​​​​​​​​​Sommerlad Chicken

A table bird from the pastures of New England in NSW could be Australia's answer to the French Bresse chicken.

Specifically bred to thrive in outdoor environments and produce quality meat with a unique texture and flavour, these birds truly are a cookery delight.

The Bresse chicken is something of a gastronomic wonder of the world from the North of Lyon in France and until now there has been nothing with a similar taste or texture in Australia.

The most defining feature of these famous birds is their age.  A Bresse chicken is no less than four months matured, roughly 90 days old.  Each chicken is given 10 square metres each to roam, and the result is a seriously sophisticated tasting roast chicken.

The special table bird, raised by the Sommerlad family is roughly 75 days old, compared to the average supermarket equivalent at just 35 days.  As a result, delicate handling is required because the bird has had room and time enough for activity, the meat will be naturally tougher.

I had the pleasure of cooking with this beautiful chicken, and as a cook I have a lot of respect for a product grown in a nurturing environment such as New England.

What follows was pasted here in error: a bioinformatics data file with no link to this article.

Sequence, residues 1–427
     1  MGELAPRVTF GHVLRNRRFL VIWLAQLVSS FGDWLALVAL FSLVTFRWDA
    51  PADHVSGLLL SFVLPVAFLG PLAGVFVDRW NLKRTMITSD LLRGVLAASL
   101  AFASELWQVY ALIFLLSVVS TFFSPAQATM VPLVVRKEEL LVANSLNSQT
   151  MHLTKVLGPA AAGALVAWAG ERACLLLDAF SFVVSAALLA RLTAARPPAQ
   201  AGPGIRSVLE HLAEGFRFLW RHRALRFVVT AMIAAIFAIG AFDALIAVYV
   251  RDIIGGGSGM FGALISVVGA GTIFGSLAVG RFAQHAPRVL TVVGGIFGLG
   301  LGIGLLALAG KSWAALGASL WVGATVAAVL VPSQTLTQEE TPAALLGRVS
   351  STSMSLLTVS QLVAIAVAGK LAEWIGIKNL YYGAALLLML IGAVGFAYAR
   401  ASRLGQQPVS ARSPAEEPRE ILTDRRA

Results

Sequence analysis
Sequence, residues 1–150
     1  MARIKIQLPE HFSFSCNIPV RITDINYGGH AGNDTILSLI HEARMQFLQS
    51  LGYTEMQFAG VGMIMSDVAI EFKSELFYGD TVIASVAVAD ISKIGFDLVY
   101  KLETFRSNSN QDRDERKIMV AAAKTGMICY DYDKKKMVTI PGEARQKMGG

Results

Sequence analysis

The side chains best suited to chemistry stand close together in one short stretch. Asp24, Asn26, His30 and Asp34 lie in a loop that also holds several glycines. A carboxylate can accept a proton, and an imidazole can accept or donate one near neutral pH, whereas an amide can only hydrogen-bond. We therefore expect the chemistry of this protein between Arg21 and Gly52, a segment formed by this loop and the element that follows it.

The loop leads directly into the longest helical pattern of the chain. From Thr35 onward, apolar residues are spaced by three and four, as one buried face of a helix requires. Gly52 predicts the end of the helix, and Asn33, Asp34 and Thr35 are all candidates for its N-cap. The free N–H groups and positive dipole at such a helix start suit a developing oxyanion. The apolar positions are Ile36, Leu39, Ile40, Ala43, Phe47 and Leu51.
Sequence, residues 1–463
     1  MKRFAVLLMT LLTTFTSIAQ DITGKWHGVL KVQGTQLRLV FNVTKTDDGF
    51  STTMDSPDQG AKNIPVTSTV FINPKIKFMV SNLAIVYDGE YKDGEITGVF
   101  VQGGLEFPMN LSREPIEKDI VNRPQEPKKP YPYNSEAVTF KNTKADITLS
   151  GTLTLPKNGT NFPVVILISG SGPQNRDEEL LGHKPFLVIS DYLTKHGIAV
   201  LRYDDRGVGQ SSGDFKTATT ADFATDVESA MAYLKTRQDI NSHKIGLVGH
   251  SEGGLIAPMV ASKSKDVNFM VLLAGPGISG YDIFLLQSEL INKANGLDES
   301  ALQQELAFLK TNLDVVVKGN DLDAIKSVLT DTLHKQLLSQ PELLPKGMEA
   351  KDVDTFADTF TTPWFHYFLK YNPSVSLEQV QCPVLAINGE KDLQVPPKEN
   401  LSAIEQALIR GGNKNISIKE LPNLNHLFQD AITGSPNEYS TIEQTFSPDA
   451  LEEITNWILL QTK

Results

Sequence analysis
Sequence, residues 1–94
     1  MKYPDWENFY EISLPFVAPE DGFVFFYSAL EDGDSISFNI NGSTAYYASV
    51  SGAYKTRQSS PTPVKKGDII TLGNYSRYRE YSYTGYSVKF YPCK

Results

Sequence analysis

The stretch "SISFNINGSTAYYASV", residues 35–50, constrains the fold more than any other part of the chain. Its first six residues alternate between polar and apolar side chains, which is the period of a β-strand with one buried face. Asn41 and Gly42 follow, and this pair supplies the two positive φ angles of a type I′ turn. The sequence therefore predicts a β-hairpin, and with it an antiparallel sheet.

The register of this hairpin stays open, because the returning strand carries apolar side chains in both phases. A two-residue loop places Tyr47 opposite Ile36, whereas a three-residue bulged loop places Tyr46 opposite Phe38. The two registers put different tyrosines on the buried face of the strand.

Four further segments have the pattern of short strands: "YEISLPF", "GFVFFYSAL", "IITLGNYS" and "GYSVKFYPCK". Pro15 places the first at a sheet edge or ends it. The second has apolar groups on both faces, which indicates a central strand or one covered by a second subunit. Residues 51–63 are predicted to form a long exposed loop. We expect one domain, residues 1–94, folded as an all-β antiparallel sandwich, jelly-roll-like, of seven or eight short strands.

This beautiful chicken was handed to me cosily wrapped and bulging from its wrapping, much larger than a regular table bird, and much more handsome.

I patted down the chicken to remove excess moisture and there was no need to cut off excess fat as the fat to meat ratio was near perfect.

The bird was cooked on a roasting rack above a small layer of water in a low oven (150 fan forced) for three hours. The longer and slower cooking time is necessary as the meat is naturally tougher from all the activity the bird has sustained.

The result was a tender, melt-in-the mouth feast.  There is no other way to describe the flavour of the meat than, 'chickeny'.  It simply tasted more like chicken than any other chicken I have eaten before. The crisp skin and general fat that remained on the bird has a beautiful flavour and didn't give that fatty around the mouth feel that can sometimes occur with a roast.

This Special Table Bird version of the Bresse chicken is a truly marvellous meal.​

Chicken Couture

By Isabelle O'Brien